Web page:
Multiple inheritance makes it even more fun - it's not like being a yo-yo, it's like being a pinball and bouncing all over the place. You have to reconstruct Python's method resolution order in your head, or find a tool to do it for you.

Yo-yo problem larval stage

class SharkWithLasers(SharkBase, LaserMixin):

    def attack(self, target):

Where are shoot() and eat() defined?

It starts innocuously enough...

Okay, easy in that example.

class Shark(object):
    def eat(self, target):
        print "chomp! delicious %s" % target

class LaserMixin(object):
    def shoot(self, target):
        print "pew! pew! at %s" % target

Not so much when there are dozens of classes.

Who is "self"?

Put another way: It's interesting to ask yourself in each method definition, what kind of object do I mean when I say "self"?

You don't know if it currently means a shark, or a base Animal, or a thing with lasers, or a base Weapon, or a thing with armor? You have to look all over, with only the names to give you clues.

Symptom 3: Poor Separation of Concerns

ArmoredSharkWithLasers will have methods related to sharks, lasers, and armor.

Those are not conceptually related at all.

More classes + more methods = more yo-yo

"Favor Composition Over Inheritance"

"Has-a" or "Uses-a" relationships, instead of "Is-a".

Underlying principle in "Design Patterns" (aka "Gang of Four" book)

Now we get back to this phrase we mentioned before.

Composition: Usually Better

class Shark(object):
    def __init__(self, weapon):
        self.weapon = weapon

    def eat(self, target):
        print "chomp! delicious %s" % target

    def attack(self, target):

shark_with_laser = Shark(weapon=Laser())

Better: Fewer Classes

Better: Separation of Concerns

Better: Less Yo-yo Problem

def attack(self, target):
    #    ^^^^^^  A clue!
    # Still have to look, but the tree is smaller.
  • If needed, one-line wrapper methods can be added to Shark or a subclass, and these internally are nice and explicit. (Be mindful of the "law of demeter")

Better: More flexible too

These would have been hard to do without special case hacks and/or yet more classes:

mystery_shark = Shark(

armed_to_the_teeth = Shark(
    weapon=WeaponCollection(Lasers(), Grenades()))

But that's all contrived!

Yes, it's a bad made-up design that nobody would ever do.


A real-world story

One day I was working on some rest API endpoints at my job.

Started with...

Names of classes changed to protect the innocent. But this was generated from real code from a real production system.


Existing inheritance hierarchy tends to encourage more inheritance, because it's easier than puzzling out how to do without it. This is what I meant by "once you pop, you can't stop."

Here I factored out methods I needed to re-use into two new base classes.

Better solution!

Let's refactor SharkWithArmor!

Shark with Armor: Bad

class Shark(Animal):

    def receive_hit(self, damage): -= damage
        if <= 0:

class ArmorMixin(object):

    def receive_hit(self, damage):
        self.armor_health -= damage
        if self.armor_health < 0:
            super(ArmorMixin, self).receive_hit(-self.armor_health)
            self.armor_health = 0

class SharkWithArmor(ArmorMixin, Shark):

One nice thing about this design: the Shark class knows nothing about armor. All you have to do is put the base classes of SharkWithArmor in the right order, and receive_hit() will do the right thing.

One not so nice thing: Depends on super().receive_hit() and does not have any base classes. Implicitly must be mixed into something that provides that method. Not documented by code.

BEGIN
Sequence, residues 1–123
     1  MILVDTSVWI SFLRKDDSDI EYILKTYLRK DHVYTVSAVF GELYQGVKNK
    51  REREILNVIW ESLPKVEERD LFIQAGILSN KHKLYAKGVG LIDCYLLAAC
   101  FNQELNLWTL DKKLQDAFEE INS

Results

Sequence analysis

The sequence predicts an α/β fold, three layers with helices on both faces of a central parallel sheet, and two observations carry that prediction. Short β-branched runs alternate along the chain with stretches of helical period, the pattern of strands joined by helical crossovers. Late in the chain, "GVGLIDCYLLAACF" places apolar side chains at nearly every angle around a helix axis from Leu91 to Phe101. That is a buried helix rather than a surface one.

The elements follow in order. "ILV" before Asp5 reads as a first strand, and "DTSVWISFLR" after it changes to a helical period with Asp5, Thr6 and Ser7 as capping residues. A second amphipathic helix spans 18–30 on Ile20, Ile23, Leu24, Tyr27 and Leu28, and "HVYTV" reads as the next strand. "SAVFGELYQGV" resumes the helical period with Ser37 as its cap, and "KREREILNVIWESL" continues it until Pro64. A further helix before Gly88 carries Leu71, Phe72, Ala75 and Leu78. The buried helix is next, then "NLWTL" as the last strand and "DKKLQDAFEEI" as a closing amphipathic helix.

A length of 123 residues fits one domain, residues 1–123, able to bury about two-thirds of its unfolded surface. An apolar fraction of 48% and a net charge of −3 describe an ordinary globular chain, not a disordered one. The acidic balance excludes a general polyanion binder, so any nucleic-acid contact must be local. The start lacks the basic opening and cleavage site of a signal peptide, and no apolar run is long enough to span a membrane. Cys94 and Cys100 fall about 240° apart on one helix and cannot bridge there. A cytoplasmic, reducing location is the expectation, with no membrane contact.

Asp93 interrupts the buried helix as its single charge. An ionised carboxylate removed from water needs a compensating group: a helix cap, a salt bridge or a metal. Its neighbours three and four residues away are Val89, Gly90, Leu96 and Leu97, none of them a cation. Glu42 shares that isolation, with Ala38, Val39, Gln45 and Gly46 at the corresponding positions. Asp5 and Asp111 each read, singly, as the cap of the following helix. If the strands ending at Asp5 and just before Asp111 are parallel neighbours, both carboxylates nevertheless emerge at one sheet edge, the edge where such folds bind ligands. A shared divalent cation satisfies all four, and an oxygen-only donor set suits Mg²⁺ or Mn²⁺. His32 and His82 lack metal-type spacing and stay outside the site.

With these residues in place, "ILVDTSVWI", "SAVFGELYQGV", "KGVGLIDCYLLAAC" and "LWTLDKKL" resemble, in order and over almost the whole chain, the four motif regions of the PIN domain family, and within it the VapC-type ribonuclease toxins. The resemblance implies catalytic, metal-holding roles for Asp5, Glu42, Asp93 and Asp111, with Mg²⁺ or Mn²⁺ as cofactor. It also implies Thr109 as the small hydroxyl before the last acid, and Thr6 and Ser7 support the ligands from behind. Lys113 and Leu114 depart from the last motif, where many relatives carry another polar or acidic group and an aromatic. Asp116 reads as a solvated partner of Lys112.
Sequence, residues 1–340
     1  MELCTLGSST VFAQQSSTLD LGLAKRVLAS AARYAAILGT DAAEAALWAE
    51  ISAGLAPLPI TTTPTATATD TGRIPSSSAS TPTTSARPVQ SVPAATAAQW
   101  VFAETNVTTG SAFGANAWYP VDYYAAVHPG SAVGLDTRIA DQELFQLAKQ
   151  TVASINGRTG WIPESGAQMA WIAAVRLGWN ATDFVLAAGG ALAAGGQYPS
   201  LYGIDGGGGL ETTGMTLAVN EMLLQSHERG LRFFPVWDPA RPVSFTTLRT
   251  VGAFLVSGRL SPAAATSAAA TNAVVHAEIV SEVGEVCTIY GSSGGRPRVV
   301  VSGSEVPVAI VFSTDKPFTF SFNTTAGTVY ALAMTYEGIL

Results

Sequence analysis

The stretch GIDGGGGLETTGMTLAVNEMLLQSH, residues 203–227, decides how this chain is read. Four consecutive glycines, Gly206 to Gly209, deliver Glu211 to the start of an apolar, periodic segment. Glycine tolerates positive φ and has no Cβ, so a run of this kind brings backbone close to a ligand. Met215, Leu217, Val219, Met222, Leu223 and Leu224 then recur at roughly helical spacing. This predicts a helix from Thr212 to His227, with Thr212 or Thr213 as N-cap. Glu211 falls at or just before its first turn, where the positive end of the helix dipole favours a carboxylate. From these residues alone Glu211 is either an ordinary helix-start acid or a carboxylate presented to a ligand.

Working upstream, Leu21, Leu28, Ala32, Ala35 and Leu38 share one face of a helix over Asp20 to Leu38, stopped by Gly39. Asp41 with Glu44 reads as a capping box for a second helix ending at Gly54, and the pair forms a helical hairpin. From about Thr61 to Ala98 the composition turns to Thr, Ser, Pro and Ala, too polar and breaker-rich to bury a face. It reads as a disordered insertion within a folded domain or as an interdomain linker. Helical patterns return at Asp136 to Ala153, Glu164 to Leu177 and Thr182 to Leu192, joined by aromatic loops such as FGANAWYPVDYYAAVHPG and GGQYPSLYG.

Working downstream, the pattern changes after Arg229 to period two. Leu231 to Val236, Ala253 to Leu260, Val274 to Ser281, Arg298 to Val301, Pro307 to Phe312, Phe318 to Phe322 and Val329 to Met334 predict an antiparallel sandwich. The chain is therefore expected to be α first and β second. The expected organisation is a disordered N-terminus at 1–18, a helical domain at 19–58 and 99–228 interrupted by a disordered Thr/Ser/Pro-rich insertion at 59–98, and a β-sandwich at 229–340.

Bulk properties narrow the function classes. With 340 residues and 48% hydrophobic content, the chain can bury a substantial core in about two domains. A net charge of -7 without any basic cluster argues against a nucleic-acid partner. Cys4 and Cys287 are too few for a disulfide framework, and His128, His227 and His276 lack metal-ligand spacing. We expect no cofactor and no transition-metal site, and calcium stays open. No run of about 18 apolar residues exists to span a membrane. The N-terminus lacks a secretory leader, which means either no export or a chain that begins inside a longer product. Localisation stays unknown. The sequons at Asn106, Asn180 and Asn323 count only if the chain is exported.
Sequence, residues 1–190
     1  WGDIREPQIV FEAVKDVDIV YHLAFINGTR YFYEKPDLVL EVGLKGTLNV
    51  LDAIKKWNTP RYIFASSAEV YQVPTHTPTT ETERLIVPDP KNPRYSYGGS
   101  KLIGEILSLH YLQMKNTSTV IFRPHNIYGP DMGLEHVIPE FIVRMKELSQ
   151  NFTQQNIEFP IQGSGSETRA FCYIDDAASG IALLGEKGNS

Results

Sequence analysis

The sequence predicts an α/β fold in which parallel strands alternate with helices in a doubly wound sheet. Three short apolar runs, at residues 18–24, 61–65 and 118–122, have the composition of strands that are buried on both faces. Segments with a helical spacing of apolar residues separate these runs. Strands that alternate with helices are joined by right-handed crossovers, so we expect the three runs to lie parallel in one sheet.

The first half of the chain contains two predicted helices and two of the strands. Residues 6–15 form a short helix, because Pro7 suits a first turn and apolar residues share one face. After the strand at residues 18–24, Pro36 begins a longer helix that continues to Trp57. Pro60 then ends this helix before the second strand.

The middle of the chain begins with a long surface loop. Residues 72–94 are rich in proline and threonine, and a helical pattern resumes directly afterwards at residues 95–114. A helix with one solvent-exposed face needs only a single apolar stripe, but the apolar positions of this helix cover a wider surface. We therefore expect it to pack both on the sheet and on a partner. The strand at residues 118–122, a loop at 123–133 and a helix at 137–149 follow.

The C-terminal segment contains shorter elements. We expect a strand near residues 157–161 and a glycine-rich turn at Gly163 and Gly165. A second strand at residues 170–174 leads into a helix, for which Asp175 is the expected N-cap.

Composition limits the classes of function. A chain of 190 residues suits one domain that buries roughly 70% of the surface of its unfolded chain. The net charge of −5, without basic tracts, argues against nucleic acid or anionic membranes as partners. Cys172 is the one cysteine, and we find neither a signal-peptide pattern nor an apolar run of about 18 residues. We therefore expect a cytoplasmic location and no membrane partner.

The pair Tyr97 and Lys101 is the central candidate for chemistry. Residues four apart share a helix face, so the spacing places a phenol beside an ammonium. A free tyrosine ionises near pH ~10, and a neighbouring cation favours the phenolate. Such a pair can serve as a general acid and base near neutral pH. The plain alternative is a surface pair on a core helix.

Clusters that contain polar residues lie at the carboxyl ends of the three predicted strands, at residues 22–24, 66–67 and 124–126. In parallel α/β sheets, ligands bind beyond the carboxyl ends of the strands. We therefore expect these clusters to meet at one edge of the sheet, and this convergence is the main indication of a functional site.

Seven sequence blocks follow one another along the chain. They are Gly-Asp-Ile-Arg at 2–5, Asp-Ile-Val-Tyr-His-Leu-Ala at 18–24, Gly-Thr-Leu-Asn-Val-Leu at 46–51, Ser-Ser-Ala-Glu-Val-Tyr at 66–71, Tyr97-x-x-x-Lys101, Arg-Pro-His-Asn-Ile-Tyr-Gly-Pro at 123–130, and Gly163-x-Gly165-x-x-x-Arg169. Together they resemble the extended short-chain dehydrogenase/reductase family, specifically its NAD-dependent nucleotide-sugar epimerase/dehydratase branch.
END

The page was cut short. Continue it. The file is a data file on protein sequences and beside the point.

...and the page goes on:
Better Armor: Proxy object

class Armored(object):
    def __init__(self, wearer):
        self.wearer = wearer

     def receive_hit(self, damage):
         self.armor_health -= damage
         if self.armor_health < 0:
             self.armor_health = 0

     def __getattr__(self, name):
         # Or explicitly proxy all others if desired.
         return getattr(self.wearer, name)

 shark_with_armor = Armored(wearer=Shark())

This might look a little backwards at first. The armor has the wearer, rather than the wearer having the armor.

This is so we can maintain the nice property we had before, where the Shark class doesn't have to know about armor. Nothing knows about the armor except the armor itself... and the invocation that constructs it.

Better Laser: Delegation

Shark has and uses laser, rather than is laser.

class Shark(object):


    def attack(self, target):

shark_with_laser = Shark(weapon=Laser())

How do we get here?

Earlier we suggested that this was a better design for sharks with lasers. How do we get from the inheritance-based code to this delegation-based code? When there's a huge pile of other classes in the tree and we want to do it gradually?

Example refactoring of Sharks/Orcas/Nunchucks/Lasers:

Important: Tests before refactoring!

You need solid test coverage. If you don't have it, do that first. This is mandatory.

Filling out your test suite and getting decent coverage is more important to the success of your project than redoing your design. You could add tests and never redo the design and you'd be a hell of a lot better off than when you started.

The sample repo starts and ends with 100% line coverage.



For more (references and some more rambling):

Appendix 1: References / Inspiration

Image Credits

Cats-on-a-slide gif: found at original provenance unclear.

Orca designed by Sarah-Jean from the Noun Project

Nunchucks designed by Simon Henrotte (public domain)

Armor from

Car in mud from

Tools used for this talk

Appendix 1: Mixins usually suck

Question for audience: does everybody know what a mixin is? in python?

(If not: A mixin is a class designed not to be used by itself, but by inheriting from it to add some behavior to your class. Get more behavior by inheriting from more mixins. In some languages eg. Ruby, this means something a bit more formal, but in python it's just an informal idea of, here's a class you can inherit from if you want its behavior.)

Mixins are good...

BUT mixins are bad...

... not always bad

Some characteristics of nice mixins:

Appendix 2: "Template Method" Pattern Sucks

Symptom: Reuse is tied very tightly to the inheritance tree and is very hard to refactor away from that tree.

Symptom: As that tree grows, you don't have a yo-yo problem anymore, you have a pinball problem - bouncing all over the place.

Good use of Template Method

Simple example that does not suck: unittest.TestCase. The setUp() and tearDown() are expected to be overridden.

Good because:

So template method is certainly not inherently bad, it's useful and good.


Some code smells to watch out for: